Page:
BWW Reviews: Tomorrow's Stars Shine in GODSPELL

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BWW Reviews: Tomorrow's Stars Shine in GODSPELL

The intern program at Maine State Music Theatre is one of the company's finest features, and what better way to showcase these talented 2014 performers than as the youthful, energetic ensemble in the Steven Schwartz/John-Michael Tebelak rock musical, GODSPELL.

Billed as a concert performance, this production directed by MSMT's Artistic Director, Curt Dale Clark, is actually fairly elaborate in terms of choreography and musical-dramatic staging. Clark sets a compelling pace - ninety minutes of sheer joie de vivre - and he draws from these young actors highly individualized and detailed characterizations, at the same time that he inspires the kind of ensemble dynamic so crucial to this show: the sense of love and sharing that resonates with the play's message and communicates to the audience.

His choreography, created together with Marc Robin (with some additional dances by Dylan Cole Passman, Alec Cohen, Tara Lynn Steele, and Jessica Lawyer), has an infectious exuberance, but also allows for moments of demanding technique. The company makes extensive use of the aisles and, as in the original, interacts with the audience, no where perhaps more cleverly than in the pre-curtain scenario from which actors playing audience and crew members morph into Jesus' onstage followers.

Played against the backdrop of the Seven Brides for Seven Brothers set, the rest of the décor consists of a large grill, which screens the six-person onstage band and later serves for Jesus' crucifixion, plus a few simple props. Lighting by Daniel Robinson animates the space, using a vibrant combination of purple, orange, green, and blue gels and sweeping spotlights that suggest the rock concert ambiance, at the same time as they create warmth and subtlety as needed. Travis M. Grant's contemporary costumes are appropriately colorful, characterful, and quirky. Molly Schleicher balances the sound design extremely well even when actors use the auditorium as well as the stage. Music Director Samuel Thorne Bagala shapes the score with brio and heart.

As Jesus, Kevin Nietzel brings a gentle radiance, a clear, sweet tenor, and a formidable dance presence. Cameron Wright is vocally and dramatically powerful as John the Baptist and Judas. Zoe Raphael uses her lovely soprano to great emotional effect in " Day by Day," while Tommy Waltz in "All Good Gifts" and Danielle Lane in "Turn Back, o Man" offer vocal highpoints. As a whole, the cast proves their dance gifts, but Nietzel, Dylan Cole Passman, Alec Cohen, and Jessica Lawyer especially catch the eye.BWW Reviews: Tomorrow's Stars Shine in GODSPELL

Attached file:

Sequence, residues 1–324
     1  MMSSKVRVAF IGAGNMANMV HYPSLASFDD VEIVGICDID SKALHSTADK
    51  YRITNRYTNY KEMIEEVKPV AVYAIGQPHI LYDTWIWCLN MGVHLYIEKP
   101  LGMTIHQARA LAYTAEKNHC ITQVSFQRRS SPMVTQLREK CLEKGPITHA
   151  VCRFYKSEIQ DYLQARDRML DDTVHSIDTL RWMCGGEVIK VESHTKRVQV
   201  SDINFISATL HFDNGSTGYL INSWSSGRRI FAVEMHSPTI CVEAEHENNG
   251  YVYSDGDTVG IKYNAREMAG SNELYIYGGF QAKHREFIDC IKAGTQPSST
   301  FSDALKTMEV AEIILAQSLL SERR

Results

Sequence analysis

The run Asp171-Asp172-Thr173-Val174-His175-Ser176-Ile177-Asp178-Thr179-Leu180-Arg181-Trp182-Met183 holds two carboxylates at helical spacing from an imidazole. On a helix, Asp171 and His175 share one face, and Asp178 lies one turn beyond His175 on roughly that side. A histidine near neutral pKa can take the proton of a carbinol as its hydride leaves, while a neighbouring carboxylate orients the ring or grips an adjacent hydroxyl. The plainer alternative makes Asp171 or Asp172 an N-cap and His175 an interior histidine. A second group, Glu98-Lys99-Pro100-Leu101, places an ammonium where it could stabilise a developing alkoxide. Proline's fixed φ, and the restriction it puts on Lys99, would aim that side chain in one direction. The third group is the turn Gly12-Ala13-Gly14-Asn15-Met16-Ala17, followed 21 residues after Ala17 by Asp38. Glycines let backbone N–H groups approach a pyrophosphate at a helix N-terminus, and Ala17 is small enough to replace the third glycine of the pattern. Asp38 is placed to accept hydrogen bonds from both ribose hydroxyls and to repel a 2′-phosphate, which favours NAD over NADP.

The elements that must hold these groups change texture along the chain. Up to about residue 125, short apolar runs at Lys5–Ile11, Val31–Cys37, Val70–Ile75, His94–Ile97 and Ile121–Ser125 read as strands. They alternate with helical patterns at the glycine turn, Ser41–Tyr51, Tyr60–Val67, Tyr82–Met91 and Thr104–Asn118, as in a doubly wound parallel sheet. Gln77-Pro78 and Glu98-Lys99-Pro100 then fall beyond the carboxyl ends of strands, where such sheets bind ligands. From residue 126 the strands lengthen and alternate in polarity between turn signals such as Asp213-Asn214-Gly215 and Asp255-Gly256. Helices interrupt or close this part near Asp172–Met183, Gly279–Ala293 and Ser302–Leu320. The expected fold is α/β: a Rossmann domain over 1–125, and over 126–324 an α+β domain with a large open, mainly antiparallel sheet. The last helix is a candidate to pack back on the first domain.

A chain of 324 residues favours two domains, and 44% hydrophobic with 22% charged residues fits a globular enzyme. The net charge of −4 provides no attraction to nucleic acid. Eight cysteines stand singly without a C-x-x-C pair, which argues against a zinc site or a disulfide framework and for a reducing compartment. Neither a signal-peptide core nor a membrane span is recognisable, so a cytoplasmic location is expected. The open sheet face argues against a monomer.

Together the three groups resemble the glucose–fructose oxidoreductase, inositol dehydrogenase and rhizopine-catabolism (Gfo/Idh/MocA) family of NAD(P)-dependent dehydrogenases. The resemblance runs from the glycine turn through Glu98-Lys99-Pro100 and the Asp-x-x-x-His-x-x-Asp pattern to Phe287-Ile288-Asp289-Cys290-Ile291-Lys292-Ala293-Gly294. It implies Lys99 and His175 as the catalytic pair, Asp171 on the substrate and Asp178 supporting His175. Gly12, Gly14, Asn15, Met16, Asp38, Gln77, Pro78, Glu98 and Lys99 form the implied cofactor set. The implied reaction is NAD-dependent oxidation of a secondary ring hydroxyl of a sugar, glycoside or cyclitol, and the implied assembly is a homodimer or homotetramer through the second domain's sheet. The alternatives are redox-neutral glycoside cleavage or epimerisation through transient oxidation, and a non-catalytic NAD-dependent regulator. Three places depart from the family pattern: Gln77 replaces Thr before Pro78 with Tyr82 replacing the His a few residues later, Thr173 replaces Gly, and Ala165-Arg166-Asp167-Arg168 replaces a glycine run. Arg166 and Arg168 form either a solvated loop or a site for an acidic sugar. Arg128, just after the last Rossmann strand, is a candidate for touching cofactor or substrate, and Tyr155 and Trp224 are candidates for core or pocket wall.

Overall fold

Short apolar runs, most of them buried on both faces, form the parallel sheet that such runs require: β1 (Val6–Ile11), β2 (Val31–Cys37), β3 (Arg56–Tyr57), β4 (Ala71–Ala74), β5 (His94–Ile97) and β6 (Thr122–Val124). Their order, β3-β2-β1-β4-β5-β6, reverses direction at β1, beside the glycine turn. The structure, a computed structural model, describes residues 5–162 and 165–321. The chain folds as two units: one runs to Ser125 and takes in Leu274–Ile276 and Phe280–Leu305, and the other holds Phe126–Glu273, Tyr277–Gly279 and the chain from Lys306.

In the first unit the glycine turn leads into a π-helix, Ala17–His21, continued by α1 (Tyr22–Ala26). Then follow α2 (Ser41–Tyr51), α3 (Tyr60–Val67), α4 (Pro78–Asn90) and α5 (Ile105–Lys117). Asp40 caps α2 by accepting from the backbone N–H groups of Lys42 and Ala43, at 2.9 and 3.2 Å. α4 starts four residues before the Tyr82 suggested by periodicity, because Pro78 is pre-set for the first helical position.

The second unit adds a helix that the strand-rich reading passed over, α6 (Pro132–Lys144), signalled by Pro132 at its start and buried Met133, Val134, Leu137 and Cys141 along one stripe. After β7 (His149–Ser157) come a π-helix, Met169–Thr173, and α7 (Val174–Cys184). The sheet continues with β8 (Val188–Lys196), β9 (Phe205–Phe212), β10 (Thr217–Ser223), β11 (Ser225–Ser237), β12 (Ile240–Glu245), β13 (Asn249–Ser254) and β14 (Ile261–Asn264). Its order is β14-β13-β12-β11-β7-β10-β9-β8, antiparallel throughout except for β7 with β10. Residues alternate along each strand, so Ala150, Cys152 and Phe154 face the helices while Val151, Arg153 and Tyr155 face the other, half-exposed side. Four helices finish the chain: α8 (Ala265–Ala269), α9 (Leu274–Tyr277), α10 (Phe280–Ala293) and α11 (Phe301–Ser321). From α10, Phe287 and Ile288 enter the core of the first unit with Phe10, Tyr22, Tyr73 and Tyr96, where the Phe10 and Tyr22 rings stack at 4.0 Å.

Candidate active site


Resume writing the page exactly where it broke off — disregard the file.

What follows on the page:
Yet, singling out individuals in this fifteen-person ensemble seems almost unfair, as each and every cast member has his signature moments to contribute. Perhaps what strikes the viewer most is not only the talent of these young professionals, but also their commitment to their chosen art. MSMT's intern program has a high rate of placing its alumni on Broadway or in other prestigious regional theatres, and this show speaks to the experience they receive. Clark and his cast rehearsed GODSPELL after a full day's work on the main stage productions - (several of the interns are dancing in Seven Brides) - and each one of these budding stars put every ounce of his artistry and heart into these performances. What they have achieved is simply magical!

Photos Courtesy Maine State Music Theatre

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Carla Maria Verdino-Süllwold Born and raised in the metropolitan New York area, Carla Maria Verdino-Süllwold took her degrees at Sarah Lawrence College and Fairleigh Dickinson University. She began her career as a teacher and arts administrator before becoming a journalist, critic, and author. In addition to contributing to Broadway World, her theatre, film, music and visual arts reviews and features have appeared in Fanfare Magazine, Scene 4 Magazine, Talkin’ Broadway, Opera News, Gramophone, Opéra International, Opera, Music Magazine, Beaux Arts, and The Crisis, and her byline has headed numerous program essays and record liner notes. She also authors the blog, Stage, Screen, and Song (www.stagescreensong.wordpress.com). Among her scholarly works, the best known is We Need A Hero! Heldentenors from Wagner’s Time to the Present: A Critical History. She helped to create several television projects, serving as associate producer and content consultant/writer, among them I Hear America Singing for WNET/PBS and Voices of the Heart: Stephen Fosterfor German television. Her first novel, Raising Rufus: A Maine Love Story appeared in 2010. Her screenplay version of the book was the 2011 Grand Prize Winner at the Rhode Island International Film Festival. She is also the author of a second novel, The Whaler's bride, and a collection of short stories, BOOKENDS Stories of Love, Loss, and Renewal. Ms. Verdino-Süllwold now makes her home in Brunswick, Maine.


 
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